Vinyl Corner is a feature where we take a look at vinyl pressings of various albums and weigh them up to see just how good they sound, how well they’re pressed and what sort of packaging to expect – as well as giving a brief overview of the music itself. This time we’re taking in the latest offering from one of the most divisive yet enduring figures in alternative music history; love him or loathe him, you’ll likely have an opinion one way or another. We’re talking, of course, about Morrissey – and his latest album ‘I Am Not A Dog On A Chain’.
Although Steven Patrick Morrissey has never been one to keep his views to himself, it has in recent years become increasingly difficult to separate the man from his work. Of course, that wouldn’t be something that many felt the need to do had his views not become increasingly vitriolic and bitter over the course of the 2010s but, as it now stands, it’s difficult to discuss his musical work without first prefixing some convoluted discourse on his worldview. While that’s understandable – and, indeed, there’s nothing good to be gained from sweeping his views under the carpet – it also shouldn’t be allowed to skew perception of his music. It has, however, been easy to dismiss Morrissey’s work of late – either on grounds of his politics for those so inclined or, more pertinently, the quality of his work. 2017’s ‘Low In High School’ marked something of a stumble; despite a bold production style and a clutch of genuinely great songs, it was an inconsistent and messy collection that presented the listener with little reason to return to it after those few initial plays. Last year’s ‘Californian Son’ did little to placate those concerns and, despite a few standout moments, its status as a collection of covers gave it the feel of a stopgap release more than a full-blown artistic statement.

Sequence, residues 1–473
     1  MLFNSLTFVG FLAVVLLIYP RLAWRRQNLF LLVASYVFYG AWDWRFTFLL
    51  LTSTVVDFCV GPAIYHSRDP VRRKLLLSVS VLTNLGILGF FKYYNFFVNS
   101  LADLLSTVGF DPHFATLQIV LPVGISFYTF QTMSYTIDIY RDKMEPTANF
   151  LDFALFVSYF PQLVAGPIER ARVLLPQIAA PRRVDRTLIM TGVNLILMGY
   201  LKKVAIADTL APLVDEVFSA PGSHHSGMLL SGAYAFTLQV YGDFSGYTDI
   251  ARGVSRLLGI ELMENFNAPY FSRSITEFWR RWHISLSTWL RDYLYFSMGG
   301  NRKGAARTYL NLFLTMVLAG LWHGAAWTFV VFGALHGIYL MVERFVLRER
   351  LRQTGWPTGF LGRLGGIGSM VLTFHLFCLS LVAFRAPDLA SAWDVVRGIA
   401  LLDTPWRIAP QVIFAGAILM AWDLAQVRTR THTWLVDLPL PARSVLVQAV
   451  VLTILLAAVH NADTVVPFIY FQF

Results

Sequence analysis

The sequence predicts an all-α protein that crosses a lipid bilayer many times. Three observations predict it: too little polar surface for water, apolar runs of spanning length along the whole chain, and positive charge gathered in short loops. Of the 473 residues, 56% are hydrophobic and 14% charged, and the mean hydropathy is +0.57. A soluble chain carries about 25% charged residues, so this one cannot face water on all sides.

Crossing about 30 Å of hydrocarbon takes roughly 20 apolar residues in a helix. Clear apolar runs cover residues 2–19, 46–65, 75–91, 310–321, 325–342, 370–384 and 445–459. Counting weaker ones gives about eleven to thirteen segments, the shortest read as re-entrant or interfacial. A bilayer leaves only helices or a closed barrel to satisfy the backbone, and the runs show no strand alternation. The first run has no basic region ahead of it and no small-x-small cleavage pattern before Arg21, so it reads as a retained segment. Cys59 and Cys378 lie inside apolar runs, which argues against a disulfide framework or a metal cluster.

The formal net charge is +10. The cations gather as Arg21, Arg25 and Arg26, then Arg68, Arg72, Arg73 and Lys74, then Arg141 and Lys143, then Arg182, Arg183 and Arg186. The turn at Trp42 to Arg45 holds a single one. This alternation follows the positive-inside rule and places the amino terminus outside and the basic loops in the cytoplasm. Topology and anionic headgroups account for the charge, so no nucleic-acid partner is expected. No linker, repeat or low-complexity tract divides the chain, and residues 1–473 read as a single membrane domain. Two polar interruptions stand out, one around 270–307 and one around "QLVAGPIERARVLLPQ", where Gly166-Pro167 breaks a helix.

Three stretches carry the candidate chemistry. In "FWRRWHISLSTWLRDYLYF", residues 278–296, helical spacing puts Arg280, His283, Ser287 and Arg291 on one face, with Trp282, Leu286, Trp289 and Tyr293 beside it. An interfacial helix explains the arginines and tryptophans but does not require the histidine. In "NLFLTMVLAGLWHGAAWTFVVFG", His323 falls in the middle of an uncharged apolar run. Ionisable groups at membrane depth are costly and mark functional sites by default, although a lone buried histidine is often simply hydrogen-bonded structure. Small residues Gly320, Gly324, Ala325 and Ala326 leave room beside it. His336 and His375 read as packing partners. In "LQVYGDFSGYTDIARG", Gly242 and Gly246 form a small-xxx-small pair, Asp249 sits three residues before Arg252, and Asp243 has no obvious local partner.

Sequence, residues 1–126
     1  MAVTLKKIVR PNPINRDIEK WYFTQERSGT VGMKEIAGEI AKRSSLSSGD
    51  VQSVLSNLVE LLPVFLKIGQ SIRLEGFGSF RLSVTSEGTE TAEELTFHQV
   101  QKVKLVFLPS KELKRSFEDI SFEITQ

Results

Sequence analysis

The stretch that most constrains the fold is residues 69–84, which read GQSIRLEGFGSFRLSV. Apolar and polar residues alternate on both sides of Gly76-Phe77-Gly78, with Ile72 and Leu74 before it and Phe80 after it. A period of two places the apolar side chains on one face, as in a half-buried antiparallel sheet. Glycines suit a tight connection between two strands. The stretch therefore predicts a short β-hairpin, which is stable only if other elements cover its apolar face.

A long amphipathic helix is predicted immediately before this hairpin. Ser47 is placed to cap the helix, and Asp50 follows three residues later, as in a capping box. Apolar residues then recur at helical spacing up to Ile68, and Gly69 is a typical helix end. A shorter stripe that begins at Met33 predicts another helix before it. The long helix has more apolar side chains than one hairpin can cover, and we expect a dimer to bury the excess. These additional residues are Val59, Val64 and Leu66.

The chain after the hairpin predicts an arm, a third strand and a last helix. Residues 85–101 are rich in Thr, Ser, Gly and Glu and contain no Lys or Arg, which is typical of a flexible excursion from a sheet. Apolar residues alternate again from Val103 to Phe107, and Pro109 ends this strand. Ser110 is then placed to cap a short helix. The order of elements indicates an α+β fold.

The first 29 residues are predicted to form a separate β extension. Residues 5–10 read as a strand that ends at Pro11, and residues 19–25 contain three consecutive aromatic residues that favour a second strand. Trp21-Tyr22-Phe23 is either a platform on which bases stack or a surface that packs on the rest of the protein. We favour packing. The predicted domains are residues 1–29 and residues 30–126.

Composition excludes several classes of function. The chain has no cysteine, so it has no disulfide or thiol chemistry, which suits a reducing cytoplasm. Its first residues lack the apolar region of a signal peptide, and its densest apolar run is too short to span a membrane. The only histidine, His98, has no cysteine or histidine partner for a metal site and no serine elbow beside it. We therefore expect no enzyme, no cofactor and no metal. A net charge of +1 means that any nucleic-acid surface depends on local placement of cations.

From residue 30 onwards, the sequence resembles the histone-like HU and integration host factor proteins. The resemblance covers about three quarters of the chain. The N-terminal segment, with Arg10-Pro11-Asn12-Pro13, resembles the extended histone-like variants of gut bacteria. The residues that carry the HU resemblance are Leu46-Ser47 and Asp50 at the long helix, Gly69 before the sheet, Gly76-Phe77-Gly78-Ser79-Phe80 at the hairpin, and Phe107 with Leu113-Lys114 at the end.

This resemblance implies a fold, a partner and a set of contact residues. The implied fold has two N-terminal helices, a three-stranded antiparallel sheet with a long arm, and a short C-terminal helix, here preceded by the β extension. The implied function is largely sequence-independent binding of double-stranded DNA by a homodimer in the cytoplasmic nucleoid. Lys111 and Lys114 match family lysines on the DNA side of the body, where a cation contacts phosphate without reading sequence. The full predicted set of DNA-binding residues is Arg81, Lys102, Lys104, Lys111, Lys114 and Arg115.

But the past is another country, as they say, and Morrissey’s latest outing arrives in timely fashion, considering his long-term appeal to shut-ins and indie-introverts the world over. Not only that, but it also reconfirms him as an enduring talent. Though fundamentally not dissimilar to ‘Low In High School’ in certain respects – Joe Chiccarelli’s punchy, boisterous production chief amongst them – ‘I Am Not A Dog On A Chain’ is a far stronger collection of songs. Indeed, Morrissey is on better form lyrically than he has been in years; he’s still eager to cook up as much controversy as any one album can hold, of course – but it would hardly be a Moz album if he weren’t. More importantly, his signature wit remains unabated; there are some genuinely funny moments here on his thirteenth solo album and his voice remains as remarkably ageless as it has been across the entirety of his career. Long-time musical collaborators make a return here amongst a few new faces, and he sounds comfortable and confident amongst the musical backdrop his group have cooked up. He’s not above a few missteps; ‘I Am Not A Dog On A Chain’ isn’t above the odd song that fails to fully convince but, in fairness to him, few artists three and a half decades into their careers are capable of crafting an album anywhere near this engaging.